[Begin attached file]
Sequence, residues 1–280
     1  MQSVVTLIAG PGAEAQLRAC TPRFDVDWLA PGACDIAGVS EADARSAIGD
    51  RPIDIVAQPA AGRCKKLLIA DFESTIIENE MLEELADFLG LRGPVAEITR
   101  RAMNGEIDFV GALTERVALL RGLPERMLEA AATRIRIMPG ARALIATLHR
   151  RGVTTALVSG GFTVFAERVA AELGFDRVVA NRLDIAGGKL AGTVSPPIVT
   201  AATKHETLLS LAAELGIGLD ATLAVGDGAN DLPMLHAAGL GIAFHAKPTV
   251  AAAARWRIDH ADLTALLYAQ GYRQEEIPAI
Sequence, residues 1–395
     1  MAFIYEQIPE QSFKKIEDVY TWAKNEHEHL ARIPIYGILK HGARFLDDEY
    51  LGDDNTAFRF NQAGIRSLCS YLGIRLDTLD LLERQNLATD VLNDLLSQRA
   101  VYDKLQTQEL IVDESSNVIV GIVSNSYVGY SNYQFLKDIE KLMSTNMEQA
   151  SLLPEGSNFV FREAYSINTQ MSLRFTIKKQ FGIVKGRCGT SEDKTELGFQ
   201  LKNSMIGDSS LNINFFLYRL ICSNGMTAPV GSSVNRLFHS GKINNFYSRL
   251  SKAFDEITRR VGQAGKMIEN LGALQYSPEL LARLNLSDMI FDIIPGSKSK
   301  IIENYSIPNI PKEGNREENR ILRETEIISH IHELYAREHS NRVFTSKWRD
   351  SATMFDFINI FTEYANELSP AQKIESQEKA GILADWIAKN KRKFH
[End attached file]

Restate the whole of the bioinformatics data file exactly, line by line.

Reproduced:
Sequence, residues 1–280
     1  MQSVVTLIAG PGAEAQLRAC TPRFDVDWLA PGACDIAGVS EADARSAIGD
    51  RPIDIVAQPA AGRCKKLLIA DFESTIIENE MLEELADFLG LRGPVAEITR
   101  RAMNGEIDFV GALTERVALL RGLPERMLEA AATRIRIMPG ARALIATLHR
   151  RGVTTALVSG GFTVFAERVA AELGFDRVVA NRLDIAGGKL AGTVSPPIVT
   201  AATKHETLLS LAAELGIGLD ATLAVGDGAN DLPMLHAAGL GIAFHAKPTV
   251  AAAARWRIDH ADLTALLYAQ GYRQEEIPAI
Sequence, residues 1–395
     1  MAFIYEQIPE QSFKKIEDVY TWAKNEHEHL ARIPIYGILK HGARFLDDEY
    51  LGDDNTAFRF NQAGIRSLCS YLGIRLDTLD LLERQNLATD VLNDLLSQRA
   101  VYDKLQTQEL IVDESSNVIV GIVSNSYVGY SNYQFLKDIE KLMSTNMEQA
   151  SLLPEGSNFV FREAYSINTQ MSLRFTIKKQ FGIVKGRCGT SEDKTELGFQ
   201  LKNSMIGDSS LNINFFLYRL ICSNGMTAPV GSSVNRLFHS GKINNFYSRL
   251  SKAFDEITRR VGQAGKMIEN LGALQYSPEL LARLNLSDMI FDIIPGSKSK
   301  IIENYSIPNI PKEGNREENR ILRETEIISH IHELYAREHS NRVFTSKWRD
   351  SATMFDFINI FTEYANELSP AQKIESQEKA GILADWIAKN KRKFH